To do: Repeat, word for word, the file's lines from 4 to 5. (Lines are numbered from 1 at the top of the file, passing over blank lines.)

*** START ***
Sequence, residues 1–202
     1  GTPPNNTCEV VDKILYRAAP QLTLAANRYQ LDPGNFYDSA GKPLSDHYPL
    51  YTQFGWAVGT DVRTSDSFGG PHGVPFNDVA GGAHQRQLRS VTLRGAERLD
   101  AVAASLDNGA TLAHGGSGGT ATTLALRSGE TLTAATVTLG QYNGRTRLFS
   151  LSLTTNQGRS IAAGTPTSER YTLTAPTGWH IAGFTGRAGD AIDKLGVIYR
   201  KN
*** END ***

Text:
   101  AVAASLDNGA TLAHGGSGGT ATTLALRSGE TLTAATVTLG QYNGRTRLFS
   151  LSLTTNQGRS IAAGTPTSER YTLTAPTGWH IAGFTGRAGD AIDKLGVIYR